We’ve come a long way!
Let’s imagine you’re about to catch a flight, but a winter storm halts your travels. You’re not too tired, but you’re bored of looking at your phone, so you go grab a cup of coffee and while doing so, you begin to make small talk with someone else in line. They turn out to be very friendly and interesting and, like you, they’re just trying to help kill time. So you stand around to chat a bit, and eventually, after some banter, the question comes up: so what do you do for a living? That’s when they tell you that they sell used cars, and you get an uneasy feeling deep in your stomach. Almost immediately you feel a sense of distrust, and you perhaps may even want to end the conversation. But the truth is: they’re people like everyone else, and the car business has changed — drastically.
Now we can’t speak for every single case out there, but these days, the internet gives you a good ballpark of a car’s value, and dealers know that. There are also VIN history reporting firms like CarFax which can tell you whether or not a car has been serviced or involved in an accident, flood, or fire, or — worse — used as a rental car.
A lot of independent shops also perform inspections, so in other words, if you do your homework, you’re not going to get hosed. That means dealers need to move a lot of volume for less profit, and the used car salesperson is tasked simply with connecting you with the right car at the right time. Sure, there’s got to be some profit in it for them, and they need to move inventory, but after all, they’ve got to eat. More often than not, they’re not rolling in the dough. There’s a reason BMW, Audi, and Mercedes sales staff very rarely drive the product they sell.
So now that we’ve got that out of the way, the next question becomes new or used, and used is undoubtedly the way to go. That’s because cars depreciate as soon as you sign the papers and drive it off the lot. In fact, cars depreciate on average 50 percent after three years of ownership, and a three-year-old car might have anywhere from 30–50,000 miles which by today’s standards is hardly anything. We all have a friend whose car is well above 200,000 miles — a realm that used to be reserved predominately for Hondas and Toyotas. Which leads me to my next point: Manufacturing technology has drastically improved, meaning parts are machined with greater precision, fit together better, and last longer — even for domestic brands. In other words, a car at 30,000 miles might as well be close to new, and it’s half the price.
Now let’s imagine we’re looking at used cars. What kinds of cars should we look for? Well, as you’ve probably noticed, not all cars depreciate the same. Jeep Wranglers and trucks hold their value very well, and the same goes for Toyotas and Subarus. Meanwhile, others like Volvos just plummet. Part of that stems from the fact that when a manufacturer has a reputation of reliability, the vehicle has an element of purpose or sheer brand power. But the truth is, there are a lot of good cars out there that go overlooked.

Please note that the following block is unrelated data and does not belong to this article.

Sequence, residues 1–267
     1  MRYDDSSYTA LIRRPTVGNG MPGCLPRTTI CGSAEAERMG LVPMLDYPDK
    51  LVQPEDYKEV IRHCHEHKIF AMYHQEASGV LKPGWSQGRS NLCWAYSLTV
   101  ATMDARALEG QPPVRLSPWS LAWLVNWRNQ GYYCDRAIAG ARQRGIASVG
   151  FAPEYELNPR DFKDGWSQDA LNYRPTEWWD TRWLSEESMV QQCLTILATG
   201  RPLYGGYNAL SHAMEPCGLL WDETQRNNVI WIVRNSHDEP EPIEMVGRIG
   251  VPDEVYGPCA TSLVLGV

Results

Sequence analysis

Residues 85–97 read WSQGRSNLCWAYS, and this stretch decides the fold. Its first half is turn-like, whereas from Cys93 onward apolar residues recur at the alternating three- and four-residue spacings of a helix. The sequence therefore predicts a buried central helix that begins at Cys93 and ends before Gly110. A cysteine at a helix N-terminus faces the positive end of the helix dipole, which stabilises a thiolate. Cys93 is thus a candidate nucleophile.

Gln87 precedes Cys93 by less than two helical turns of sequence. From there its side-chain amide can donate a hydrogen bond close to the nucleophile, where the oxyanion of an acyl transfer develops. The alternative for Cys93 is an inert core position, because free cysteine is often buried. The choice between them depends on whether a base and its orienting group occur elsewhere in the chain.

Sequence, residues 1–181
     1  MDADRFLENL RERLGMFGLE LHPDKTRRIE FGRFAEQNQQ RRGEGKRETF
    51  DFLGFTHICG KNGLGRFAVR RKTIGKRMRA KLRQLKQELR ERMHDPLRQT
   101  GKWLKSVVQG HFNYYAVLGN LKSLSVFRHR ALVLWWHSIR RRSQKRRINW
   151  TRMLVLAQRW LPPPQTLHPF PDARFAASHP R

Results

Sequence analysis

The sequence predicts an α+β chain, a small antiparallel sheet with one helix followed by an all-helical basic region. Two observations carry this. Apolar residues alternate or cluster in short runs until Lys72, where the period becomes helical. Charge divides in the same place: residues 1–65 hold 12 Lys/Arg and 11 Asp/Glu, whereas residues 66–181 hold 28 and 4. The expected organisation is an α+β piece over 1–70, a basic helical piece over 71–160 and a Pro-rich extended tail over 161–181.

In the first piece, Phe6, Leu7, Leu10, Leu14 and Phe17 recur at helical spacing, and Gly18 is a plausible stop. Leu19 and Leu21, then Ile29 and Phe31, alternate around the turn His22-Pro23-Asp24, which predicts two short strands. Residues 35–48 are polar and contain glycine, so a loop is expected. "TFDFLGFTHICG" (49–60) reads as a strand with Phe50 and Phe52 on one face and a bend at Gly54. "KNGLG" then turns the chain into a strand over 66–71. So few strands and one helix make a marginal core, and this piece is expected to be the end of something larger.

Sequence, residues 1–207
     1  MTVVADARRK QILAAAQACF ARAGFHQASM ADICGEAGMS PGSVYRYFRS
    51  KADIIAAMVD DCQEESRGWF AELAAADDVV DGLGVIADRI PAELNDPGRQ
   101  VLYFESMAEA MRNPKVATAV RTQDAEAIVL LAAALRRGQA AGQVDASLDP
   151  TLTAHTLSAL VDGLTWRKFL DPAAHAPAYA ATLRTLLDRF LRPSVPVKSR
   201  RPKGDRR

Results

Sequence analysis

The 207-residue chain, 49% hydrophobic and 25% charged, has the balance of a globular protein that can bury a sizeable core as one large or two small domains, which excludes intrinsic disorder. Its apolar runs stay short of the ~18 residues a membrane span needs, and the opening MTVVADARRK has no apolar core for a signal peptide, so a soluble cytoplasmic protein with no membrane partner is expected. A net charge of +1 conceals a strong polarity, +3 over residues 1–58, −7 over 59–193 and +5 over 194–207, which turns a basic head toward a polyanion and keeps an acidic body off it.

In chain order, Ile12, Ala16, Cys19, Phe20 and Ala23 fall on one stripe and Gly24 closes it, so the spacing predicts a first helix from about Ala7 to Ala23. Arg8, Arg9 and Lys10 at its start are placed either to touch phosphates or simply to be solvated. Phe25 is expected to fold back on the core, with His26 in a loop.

Used Cadillacs and Buicks, for instance, offer a lot of bang for the buck. In fact, Buick was ranked as the third most reliable brand (only behind Toyota and Lexus) according to consumer reports, and they offer all of the same features as the others. Yet, you can get a nice, lightly used Buick for half the price of a new one. Cadillacs, on the other hand — more specifically the ATS — have been praised for their handling and chassis feel. Some auto publications even go so far as to say that it feels better than the BMW 3 series, and they’re a steal. A used Chevrolet Impala (2014 and up) can also be a good value. They’re comfortable, powerful, have good road manners, and have drastically improved in build quality.
In other words, if you want a steal on a used car in Colorado, avoid Subarus, Toyotas, and Jeeps. For some reason, people are under the impression that they need one of the aforementioned. However, the truth is, you don’t even need all-wheel-drive. Just get a good set of snow tires, be amazed, and save your money. If you’re looking for a truck, well, you may have to bite the bullet and otherwise opt for Nissans, Mazdas, and Hondas instead. Or if you want to add some luxury to your life, go Infinity, Acura, Cadillac, Buick, Lincoln, or others (just remember European brands are expensive to repair), and you’ll be happy you did.
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